When the going gets tough, that’s when the tough get going – or at least those with a plan and the skill to use it. That’s how to cope when a crisis hits.
Most people hate a crisis. To me, it’s when the adrenalin kicks in and professionally speaking one has to be at one’s best. It’s a test of procedure, process, communications skills and PR professionalism.
Having drafted crisis communications plan and rehearsed them you do not really want to have to put them into place – but once you have done it for real, you change your mind. It makes the PR role feel real.
It is beyond normal B2B or B2C. You’re dealing in real time, with real lives and personal stories – some of which, sadly, or tragic. Or might be. At one or another during my years with Alfred McAlpine I had to handle news about operatives deaths, severe injuries, concerns regarding the public and their health and safety and near misses.
As the lead PR consultant one works hand in glove with the HSEQ team and often the HR director too. It is at that point when you see that PR and communications is a board level role of responsibility. That experience working in-house was invaluable. I learned that you can have a process, but it means nothing until you implement it, learn from it and work alongside trustworthy colleagues.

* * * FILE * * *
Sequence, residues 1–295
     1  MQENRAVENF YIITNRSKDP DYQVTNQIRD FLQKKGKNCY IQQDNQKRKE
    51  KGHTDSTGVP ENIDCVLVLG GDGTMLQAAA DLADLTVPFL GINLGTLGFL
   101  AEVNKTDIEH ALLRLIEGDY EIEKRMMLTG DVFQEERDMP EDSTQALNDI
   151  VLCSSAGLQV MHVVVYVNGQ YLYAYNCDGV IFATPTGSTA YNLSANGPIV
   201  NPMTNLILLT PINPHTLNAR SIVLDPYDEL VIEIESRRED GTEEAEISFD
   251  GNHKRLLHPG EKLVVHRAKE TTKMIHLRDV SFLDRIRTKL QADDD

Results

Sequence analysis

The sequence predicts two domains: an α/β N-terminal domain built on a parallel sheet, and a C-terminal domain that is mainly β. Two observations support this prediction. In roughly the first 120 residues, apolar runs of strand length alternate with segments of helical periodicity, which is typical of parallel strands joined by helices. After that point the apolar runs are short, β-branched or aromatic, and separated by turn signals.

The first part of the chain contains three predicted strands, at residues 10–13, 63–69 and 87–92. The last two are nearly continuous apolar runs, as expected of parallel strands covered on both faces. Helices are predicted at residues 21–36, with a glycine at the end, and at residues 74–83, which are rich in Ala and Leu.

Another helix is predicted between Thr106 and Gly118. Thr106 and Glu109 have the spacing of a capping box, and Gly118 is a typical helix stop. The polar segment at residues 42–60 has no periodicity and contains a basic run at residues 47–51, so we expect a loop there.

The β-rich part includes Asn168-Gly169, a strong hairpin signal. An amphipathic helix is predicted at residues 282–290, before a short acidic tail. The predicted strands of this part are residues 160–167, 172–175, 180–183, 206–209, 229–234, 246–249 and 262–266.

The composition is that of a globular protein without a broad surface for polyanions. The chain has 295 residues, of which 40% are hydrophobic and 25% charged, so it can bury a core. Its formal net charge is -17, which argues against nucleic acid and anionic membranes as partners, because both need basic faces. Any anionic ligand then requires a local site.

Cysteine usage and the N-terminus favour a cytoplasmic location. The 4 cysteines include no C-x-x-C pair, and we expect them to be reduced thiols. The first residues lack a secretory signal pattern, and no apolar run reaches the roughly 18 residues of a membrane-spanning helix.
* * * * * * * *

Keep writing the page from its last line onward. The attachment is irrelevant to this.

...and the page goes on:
That experience at Alfred McAlpine has been applied since (not too many thankfully) and during Covid-19 I drew upon the lessons again. You might not seek out a crisis, but the test of your professionalism is good for you – never duck it, learn from it, don’t waste the opportunity to serve your client (and perhaps some aspect of society as well) and colleagues and become a better person at the same time.
This is the second of a few of the stories behind the projects and interventions I’ve been involved with that I can share. This one is a bit generic, for all sorts of reasons I can’t go into specific incidents. If you want to find out more then you’ll have to drop me a line.